July 13, 2020

Lead don’t follow on discrimination

Lead don’t follow on discrimination

A key debate is heading before the States of Guernsey this week, with the Island’s politicians (finally) due to consider the introduction of more comprehensive anti-discrimination legislation.

There are many factors to consider of course, not least how very overdue these measures are. Given current events, there would also appear to be no better time to press home this message and demonstrate that the island takes these issues seriously – as the Black Lives Matter movement and the Coronavirus have highlighted, discrimination is rife in society whether that is due to race or disability. We are all now more aware of the prejudice that black people face every day and have all now experienced having access to things we take for granted taken away. Surely now we can all support legislation that seeks to banish discrimination from our community for good?

But perhaps it is not that simple. Previous attempts to develop and establish this legislation have faltered because of the impact it might have on business. While there are concerns over the cost of adapting to a new way of doing things, businesses should also be aware that there could be an even greater cost to not changing their ways.

The legislation is, sensibly in some ways, being phased in. That means there are parts of the law that will not be enforced until a later date. But as a PR professional concerned with your business’ reputation, I have to ask: do you only do things because you have to, or because they are the right thing to do?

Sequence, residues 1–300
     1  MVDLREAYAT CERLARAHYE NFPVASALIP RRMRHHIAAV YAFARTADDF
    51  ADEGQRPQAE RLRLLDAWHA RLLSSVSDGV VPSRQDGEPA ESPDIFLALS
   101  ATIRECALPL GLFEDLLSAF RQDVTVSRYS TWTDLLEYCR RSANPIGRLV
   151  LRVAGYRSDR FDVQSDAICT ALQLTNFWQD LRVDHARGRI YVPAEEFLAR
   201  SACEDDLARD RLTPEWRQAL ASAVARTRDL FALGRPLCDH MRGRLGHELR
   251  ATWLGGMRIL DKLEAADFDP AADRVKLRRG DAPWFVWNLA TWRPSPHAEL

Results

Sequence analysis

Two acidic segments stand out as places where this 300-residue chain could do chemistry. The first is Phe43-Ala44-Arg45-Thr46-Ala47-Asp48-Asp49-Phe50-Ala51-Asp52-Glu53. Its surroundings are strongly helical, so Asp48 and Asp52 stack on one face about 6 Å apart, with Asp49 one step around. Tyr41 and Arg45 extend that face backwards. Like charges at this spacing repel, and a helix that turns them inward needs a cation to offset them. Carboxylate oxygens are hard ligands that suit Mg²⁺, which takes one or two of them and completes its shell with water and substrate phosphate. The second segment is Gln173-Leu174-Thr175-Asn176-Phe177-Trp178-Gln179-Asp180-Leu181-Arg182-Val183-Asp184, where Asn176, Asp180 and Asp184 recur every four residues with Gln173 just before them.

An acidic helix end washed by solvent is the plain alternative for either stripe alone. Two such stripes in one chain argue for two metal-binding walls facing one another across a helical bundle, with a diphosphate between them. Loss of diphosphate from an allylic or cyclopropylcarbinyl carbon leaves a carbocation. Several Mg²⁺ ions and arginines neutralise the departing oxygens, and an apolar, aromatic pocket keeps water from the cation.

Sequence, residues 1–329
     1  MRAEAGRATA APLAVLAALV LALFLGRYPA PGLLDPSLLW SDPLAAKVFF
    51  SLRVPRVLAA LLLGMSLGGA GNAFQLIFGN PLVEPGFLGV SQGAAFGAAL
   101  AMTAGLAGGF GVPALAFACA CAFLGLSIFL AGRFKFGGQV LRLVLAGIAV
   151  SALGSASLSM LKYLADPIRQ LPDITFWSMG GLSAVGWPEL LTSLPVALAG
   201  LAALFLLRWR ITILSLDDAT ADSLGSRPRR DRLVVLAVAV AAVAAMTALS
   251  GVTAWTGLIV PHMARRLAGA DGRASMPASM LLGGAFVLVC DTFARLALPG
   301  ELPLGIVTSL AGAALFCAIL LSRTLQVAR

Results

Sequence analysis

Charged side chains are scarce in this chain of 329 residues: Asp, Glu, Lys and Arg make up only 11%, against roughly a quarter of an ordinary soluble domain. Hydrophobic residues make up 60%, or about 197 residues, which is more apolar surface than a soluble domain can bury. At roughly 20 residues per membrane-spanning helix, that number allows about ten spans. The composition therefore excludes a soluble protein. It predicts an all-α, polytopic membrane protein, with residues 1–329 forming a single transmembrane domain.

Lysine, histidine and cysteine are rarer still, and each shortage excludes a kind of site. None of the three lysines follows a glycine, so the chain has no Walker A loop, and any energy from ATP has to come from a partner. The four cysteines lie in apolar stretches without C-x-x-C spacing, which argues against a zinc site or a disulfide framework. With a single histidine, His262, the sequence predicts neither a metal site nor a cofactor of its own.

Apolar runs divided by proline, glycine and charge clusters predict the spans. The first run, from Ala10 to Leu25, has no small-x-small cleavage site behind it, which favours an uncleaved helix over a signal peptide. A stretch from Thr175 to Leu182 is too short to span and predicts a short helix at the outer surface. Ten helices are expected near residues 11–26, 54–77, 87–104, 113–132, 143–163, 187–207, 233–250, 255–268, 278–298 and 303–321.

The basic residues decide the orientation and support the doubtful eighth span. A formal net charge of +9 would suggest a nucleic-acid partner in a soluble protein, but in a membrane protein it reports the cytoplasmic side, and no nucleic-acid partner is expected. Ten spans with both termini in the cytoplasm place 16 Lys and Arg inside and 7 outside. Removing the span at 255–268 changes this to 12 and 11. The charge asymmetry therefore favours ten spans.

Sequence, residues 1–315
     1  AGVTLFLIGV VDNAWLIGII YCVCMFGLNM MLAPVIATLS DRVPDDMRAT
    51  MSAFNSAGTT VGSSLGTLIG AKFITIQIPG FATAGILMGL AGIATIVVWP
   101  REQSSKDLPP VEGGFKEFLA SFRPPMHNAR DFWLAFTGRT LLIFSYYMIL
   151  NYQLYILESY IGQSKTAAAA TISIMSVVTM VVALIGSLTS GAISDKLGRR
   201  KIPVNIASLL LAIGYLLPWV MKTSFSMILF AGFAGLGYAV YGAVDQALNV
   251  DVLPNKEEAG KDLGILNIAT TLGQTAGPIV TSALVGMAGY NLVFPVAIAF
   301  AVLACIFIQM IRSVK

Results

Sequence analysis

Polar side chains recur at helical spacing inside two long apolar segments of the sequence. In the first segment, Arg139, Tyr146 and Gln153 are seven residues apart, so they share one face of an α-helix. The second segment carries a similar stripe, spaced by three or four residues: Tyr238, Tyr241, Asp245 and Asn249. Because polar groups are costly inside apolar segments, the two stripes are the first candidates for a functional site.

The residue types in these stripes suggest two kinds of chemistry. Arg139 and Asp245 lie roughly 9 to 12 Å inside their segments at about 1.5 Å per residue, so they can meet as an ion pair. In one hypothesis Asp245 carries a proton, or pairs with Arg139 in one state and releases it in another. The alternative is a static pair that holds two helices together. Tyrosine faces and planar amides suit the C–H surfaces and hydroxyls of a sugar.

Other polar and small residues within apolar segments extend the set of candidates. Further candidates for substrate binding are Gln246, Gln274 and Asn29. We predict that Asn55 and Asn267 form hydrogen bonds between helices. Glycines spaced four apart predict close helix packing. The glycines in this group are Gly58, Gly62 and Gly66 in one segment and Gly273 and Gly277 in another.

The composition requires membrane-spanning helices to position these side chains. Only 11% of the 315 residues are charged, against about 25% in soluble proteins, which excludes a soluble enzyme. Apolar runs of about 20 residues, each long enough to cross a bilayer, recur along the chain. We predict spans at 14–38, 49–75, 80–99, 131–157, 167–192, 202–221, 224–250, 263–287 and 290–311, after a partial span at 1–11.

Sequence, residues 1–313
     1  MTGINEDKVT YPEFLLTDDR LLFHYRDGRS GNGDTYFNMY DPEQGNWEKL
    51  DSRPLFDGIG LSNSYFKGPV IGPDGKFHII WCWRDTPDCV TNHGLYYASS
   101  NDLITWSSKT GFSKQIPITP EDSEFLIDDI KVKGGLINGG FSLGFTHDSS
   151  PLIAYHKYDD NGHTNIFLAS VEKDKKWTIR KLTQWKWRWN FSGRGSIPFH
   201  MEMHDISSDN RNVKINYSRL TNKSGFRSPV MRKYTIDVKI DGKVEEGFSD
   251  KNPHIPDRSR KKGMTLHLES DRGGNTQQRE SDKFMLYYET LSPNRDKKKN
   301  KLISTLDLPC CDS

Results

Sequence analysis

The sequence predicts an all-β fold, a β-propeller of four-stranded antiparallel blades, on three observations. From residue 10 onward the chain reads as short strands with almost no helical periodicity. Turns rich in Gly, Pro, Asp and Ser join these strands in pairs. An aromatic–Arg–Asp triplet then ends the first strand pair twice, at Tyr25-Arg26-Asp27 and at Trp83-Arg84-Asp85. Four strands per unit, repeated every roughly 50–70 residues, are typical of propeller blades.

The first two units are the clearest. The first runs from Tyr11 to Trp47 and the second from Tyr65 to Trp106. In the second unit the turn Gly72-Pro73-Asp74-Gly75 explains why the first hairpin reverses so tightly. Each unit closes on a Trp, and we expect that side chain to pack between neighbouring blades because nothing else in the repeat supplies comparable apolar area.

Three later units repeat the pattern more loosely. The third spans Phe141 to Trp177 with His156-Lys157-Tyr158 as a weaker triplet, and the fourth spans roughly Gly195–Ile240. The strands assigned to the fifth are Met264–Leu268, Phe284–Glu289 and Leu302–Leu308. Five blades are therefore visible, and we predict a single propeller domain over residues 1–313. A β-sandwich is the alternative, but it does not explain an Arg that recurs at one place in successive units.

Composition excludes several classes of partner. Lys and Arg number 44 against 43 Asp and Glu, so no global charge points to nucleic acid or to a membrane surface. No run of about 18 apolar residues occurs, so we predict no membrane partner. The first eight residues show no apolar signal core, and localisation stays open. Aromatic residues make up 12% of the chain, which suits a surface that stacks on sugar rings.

The community of today, of #blacklivesmatter and of #guernseytogether, is more supportive of those local businesses that already share and actively uphold their ideals of fair treatment for all. Being satisfied that you are following ‘the letter of the law’ may not be enough to satisfy your customers or clients who want to see you making a real effort to be inclusive. A 2020 survey by Deloitte stated that Millenials and Gen Z (essentially adults under the age of 40) will:

make a special effort to more actively patronize and support businesses—especially smaller, local sellers—after the pandemic. But they won’t hesitate to penalize companies whose stated and practiced values conflict with their own.

If you are just concerned over the potential impact being inclusive might have, perhaps take a moment to think – if something is fair and right, and will be required of you in just a few short years, then does it make sense to resist doing it now? Bringing in positive change to your business is a good thing for your reputation; and employees, customers and clients will value you more for having taken action.

After all, if something is the right thing to do, why wait until we are made to do it?

Photo credit: Megan Thoume

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